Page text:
The pathogenesis of rotator cuff tears (RCT) and glenohumeral osteoarthritis (OA) has many intrinsic (genetic) and extrinsic (anatomical) contributing factors, but the dis- eases are rarely seen in combination. Several extrinsic factors have been proposed in the development of RCT and OA, such as the anterior acromion morphology, the lateral acromial angle, the coracohumeral interval, the glenoid inclination, and most recently the acromion index (AI). Intrinsic factors that may lead to rota- tor cuff tears are tissue degeneration due to alterations in metabolism and oxidative stress-related change, which may play a role in the development of RCTs. Therefore, RCT may have both intrinsic and extrinsic elements. In contrast, the cause of primary glenohumeral OA is largely unknown.
Recently, the effect of lateral extension of the acromion in relation to the humeral head, de ned as the AI, has been studied in its relationship to rotator cuff disease. Some authors have found a significant association between high AI values and full-thickness RCTs, while others have found no association. Miyazaki reported that the AI has a high degree of variability and was associated with RCTs only in certain ethnic groups. Ames indicated that high AI values can affect outcomes after arthroscopic cuff repair and may lead to technical difculties during cuff repairs because of the large acromion lateral offset.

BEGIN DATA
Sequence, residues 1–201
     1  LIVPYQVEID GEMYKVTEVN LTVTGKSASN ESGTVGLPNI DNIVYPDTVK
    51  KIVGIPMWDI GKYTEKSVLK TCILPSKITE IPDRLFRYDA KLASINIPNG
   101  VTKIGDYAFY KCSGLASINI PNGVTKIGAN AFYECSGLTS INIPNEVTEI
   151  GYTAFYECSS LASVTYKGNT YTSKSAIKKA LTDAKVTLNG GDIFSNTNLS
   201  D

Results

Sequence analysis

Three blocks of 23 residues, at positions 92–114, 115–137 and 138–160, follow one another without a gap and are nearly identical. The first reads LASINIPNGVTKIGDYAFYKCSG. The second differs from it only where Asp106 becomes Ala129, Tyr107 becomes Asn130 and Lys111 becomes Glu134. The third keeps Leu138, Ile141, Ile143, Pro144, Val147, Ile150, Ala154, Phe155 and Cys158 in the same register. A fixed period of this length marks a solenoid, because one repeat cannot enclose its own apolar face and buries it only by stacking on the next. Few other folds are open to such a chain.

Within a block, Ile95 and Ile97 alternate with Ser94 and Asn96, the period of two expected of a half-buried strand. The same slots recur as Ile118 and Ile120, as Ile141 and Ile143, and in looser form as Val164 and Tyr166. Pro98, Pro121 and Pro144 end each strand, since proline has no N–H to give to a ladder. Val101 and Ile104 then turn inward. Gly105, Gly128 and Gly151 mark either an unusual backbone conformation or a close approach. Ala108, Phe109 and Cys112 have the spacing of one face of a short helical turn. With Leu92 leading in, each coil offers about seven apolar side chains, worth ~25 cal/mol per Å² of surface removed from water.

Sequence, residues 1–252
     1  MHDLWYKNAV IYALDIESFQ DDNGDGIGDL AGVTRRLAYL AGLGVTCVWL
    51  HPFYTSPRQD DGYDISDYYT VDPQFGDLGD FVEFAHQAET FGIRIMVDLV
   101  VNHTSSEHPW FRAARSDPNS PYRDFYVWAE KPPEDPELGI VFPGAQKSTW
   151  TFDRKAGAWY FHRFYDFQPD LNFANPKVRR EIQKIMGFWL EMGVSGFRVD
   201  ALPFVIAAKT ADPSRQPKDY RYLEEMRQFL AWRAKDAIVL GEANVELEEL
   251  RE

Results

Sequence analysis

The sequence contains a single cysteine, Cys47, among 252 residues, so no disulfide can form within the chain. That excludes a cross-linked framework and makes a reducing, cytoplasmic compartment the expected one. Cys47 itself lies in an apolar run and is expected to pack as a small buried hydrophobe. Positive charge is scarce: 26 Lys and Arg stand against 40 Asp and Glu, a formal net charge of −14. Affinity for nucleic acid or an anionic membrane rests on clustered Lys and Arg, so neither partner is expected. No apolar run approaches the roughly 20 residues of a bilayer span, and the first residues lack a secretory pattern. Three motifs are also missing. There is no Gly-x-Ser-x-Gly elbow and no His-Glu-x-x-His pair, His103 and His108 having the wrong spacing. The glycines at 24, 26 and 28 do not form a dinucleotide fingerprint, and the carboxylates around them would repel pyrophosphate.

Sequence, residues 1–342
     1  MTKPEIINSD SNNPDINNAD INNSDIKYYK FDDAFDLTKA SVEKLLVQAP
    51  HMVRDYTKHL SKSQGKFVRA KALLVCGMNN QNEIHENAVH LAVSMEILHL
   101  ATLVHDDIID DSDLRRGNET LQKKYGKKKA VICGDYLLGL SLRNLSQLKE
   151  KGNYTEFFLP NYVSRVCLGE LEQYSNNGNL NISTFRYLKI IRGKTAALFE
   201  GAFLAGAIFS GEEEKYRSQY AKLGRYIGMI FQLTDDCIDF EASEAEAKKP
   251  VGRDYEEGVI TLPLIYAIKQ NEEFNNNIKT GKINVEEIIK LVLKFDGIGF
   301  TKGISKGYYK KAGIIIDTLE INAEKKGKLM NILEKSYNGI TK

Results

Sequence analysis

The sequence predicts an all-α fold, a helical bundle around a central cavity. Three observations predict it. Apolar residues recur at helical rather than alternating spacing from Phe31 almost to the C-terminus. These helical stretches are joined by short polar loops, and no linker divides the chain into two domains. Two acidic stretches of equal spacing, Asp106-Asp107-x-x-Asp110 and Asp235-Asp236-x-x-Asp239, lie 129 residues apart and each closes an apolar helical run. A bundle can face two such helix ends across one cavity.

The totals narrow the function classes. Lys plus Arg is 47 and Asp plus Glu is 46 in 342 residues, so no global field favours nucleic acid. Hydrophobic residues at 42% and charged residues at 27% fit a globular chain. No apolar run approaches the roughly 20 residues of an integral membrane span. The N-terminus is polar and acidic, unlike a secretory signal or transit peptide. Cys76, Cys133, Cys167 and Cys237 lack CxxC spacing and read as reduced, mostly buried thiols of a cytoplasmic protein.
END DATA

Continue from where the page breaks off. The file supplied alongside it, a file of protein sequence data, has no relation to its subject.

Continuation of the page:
Recently, Moor introduced the concept of the critical shoulder angle (CSA), which is de ned as the angle between the plane of the glenoid fossa and the connecting line to most inferolateral point of the acromion measured on anteroposterior (AP) shoulder radiographs. The authors found that smaller CSA values were associated with OA and larger CSA values with RTCs. Based on these published heterogeneous AI studies, it seemed prudent to demonstrate the reproducibility of the CSA measurement in patients with RCTs and with OA. Furthermore, since both radiographs and MRIs are commonly used to evaluate shoulder pathology, comparing the diagnostic accuracy of the CSA when using both imaging modalities may have clinical applications. So far, no study has used MRI for measuring the CSA.
Therefore, the purpose of this study was to determine whether there is an association between the CSA and RCT as well as OA. Additionally, a secondary objective was to compare the reproducibility and accuracy of CSA values when measured on radiographs and MRIs.
Full Article: The critical shoulder angle is associated with rotator cuff tears and shoulder osteoarthritis and is better assessed with radiographs over MRI